The constitution allows for the formation of political parties, although the Interior Ministry granted licenses only to political parties with ideological and practical adherence to the system of government embodied in the constitution. There were more than 240 registered political organizations, but most were small entities, often focused around an individual, and did not have nationwide membership. Political parties approved by the Interior Ministry generally operated without restriction or outside interference.
According to the Guardian Council’s interpretation, the constitution barred women and persons of non-Iranian origin or religions other than Shia Islam from becoming president. Women were also barred from serving as supreme leader or as members of the Assembly of Experts, Guardian Council, or Expediency Council (a body responsible for mediating between the Majles and the Guardian Council and serving as a consultative council for the supreme leader). Two of the 10 vice presidents were women. Eight women served in the Majles during the year. Five Majles seats were reserved for the recognized religious minorities. Other ethnic minorities in the Majles included Arabs and Kurds. There were no non-Muslims in the cabinet or on the Supreme Court.
Government Corruption and Transparency
The law provides criminal penalties for official corruption; however, the government did not implement the law effectively, and official corruption remained a serious problem in all three branches of government, including the “bonyads” (tax-exempt foundations designed for charitable activity that control consortia of substantial companies).
All government officials, including cabinet ministers and members of the Guardian Council, Expediency Council, and Assembly of Experts were required to submit annual financial statements to the state inspectorate. There was no information available regarding whether these government officials obeyed the law.
In January authorities executed a customs contractor for corruption and sentenced three other customs employees to death for “office corruption and other economic crimes,” including accepting a bribe of more than 10 billion rials (approximately one million dollars).
Also in January a court sentenced three state gas company managers to 10 years in prison and 74 lashes each for taking bribes totaling 23 billion rials (approximately $2.3 million), according to international press reports.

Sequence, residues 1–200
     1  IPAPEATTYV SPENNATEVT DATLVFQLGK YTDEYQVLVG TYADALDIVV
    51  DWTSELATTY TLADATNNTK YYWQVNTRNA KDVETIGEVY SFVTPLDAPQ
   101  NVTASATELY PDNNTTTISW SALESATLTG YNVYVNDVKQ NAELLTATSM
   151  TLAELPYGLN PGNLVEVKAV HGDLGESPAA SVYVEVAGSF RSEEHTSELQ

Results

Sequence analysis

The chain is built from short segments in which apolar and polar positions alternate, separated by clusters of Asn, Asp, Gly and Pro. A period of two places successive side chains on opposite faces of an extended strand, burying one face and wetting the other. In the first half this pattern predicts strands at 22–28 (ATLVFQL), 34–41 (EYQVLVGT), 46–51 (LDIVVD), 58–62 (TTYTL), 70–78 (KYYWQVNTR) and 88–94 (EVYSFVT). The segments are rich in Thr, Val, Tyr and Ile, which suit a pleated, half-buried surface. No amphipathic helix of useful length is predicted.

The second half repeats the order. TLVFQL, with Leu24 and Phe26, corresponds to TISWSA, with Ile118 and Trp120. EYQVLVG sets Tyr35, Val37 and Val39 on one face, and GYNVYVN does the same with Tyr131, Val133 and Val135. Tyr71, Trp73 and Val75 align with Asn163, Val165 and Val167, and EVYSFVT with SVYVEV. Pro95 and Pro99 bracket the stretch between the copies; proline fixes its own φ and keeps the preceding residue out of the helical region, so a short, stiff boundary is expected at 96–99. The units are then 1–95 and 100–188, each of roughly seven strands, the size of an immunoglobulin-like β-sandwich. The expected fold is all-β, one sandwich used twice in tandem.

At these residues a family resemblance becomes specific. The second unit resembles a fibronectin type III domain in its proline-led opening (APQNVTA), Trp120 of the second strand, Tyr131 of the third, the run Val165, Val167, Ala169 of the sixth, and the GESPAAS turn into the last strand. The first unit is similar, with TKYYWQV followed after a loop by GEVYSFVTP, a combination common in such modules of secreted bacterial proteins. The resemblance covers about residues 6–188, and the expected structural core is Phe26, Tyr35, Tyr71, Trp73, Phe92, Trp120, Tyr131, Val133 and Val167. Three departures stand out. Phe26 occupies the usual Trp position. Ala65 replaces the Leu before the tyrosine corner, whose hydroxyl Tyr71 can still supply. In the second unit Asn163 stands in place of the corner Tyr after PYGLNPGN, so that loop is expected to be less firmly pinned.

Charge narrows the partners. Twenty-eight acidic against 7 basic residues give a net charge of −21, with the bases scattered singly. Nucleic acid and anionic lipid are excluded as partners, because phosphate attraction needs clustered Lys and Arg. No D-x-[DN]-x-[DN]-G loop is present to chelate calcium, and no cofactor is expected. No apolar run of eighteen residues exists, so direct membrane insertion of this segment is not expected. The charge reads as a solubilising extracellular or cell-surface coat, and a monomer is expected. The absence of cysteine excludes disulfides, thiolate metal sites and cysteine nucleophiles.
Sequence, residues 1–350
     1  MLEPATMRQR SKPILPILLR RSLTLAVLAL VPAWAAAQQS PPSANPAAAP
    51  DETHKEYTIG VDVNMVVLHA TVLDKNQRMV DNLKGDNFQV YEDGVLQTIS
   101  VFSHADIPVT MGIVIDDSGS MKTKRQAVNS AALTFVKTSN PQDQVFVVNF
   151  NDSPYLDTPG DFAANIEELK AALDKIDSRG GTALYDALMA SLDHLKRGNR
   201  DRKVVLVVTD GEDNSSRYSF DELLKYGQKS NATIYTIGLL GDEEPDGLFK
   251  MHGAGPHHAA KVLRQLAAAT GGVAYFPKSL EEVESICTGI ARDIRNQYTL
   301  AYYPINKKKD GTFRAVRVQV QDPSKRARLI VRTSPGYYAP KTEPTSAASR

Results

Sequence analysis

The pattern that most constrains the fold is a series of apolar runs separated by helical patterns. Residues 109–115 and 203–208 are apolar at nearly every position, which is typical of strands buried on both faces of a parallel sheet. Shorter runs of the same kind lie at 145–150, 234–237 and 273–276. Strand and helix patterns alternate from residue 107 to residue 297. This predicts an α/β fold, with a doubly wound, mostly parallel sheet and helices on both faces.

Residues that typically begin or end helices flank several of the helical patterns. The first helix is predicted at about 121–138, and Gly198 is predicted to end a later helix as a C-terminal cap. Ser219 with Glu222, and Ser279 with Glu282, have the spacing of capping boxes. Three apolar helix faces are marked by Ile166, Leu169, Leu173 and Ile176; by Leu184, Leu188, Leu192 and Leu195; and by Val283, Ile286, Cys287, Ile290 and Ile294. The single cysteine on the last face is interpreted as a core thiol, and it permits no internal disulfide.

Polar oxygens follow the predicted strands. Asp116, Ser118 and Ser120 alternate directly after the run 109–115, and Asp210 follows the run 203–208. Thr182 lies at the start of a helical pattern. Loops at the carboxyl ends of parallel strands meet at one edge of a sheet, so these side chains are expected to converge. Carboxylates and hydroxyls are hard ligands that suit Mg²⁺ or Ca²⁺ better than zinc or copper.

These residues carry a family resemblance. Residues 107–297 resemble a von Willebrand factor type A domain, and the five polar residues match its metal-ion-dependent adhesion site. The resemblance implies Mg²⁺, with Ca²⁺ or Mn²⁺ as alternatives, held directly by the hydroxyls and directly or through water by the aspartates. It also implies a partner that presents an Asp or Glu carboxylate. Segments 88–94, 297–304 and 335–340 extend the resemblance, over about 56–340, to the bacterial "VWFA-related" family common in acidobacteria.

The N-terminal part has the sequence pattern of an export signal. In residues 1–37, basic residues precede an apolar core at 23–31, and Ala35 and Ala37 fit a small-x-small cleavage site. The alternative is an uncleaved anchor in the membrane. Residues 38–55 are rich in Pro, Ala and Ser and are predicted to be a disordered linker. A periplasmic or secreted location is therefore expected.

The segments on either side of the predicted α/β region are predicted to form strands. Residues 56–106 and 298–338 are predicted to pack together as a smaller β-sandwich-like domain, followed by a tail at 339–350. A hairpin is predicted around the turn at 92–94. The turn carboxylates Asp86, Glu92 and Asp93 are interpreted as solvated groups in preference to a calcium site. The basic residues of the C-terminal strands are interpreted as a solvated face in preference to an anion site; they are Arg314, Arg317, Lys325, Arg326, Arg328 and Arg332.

On June 11, authorities arrested former parliamentarian Abbas Palizdar for “spreading lies and slander” and “causing public distress,” according to international press reports. In May, Palizdar publicly accused senior religious leaders and politicians of involvement in corruption. Following his speeches, which were widely circulated on the Internet, judiciary officials arrested and indicted 11 persons named by Palizdar, most of them government employees, on corruption charges. At year’s end Palizdar had not gone to trial.
On June 18, according to domestic press reports, authorities detained Abdollah Shahbazi for several days on charges of “slander and spreading lies,” after he claimed on his Web site that several high-ranking officials from Fars province had expropriated land.
There were no laws providing for public access to government information.
Section 4 Governmental Attitude Regarding International and Nongovernmental Investigation of Alleged Violations of Human Rights
The government continued to restrict the work of human rights groups and sometimes responded to their inquiries and reports with harassment, arrests, monitoring, unlawful raids, and closures. The government continued to deny the universality of human rights and stated that human rights issues should be viewed in the context of a country’s “culture and beliefs.” On May 20, judiciary chief Hashemi Shahroudi told the Human Rights Task Force, an intragovernmental entity established in 2001, that the international community uses human rights as a weapon against the Islamic world.
Hundreds of domestic NGOs operated in areas such as health and population, women’s rights, development, youth, environmental protection, human rights, and sustainable development during the year despite the restrictive environment, including pressure not to accept foreign grants. During the year, the government routinely restricted human rights defenders, civil society activists, journalists, and scholars from traveling abroad, particularly to attend international conferences.
According to AI, independent human rights groups and other NGOs faced intensifying harassment and threat of closure from government officials as a result of prolonged and often arbitrary delays in obtaining official registration.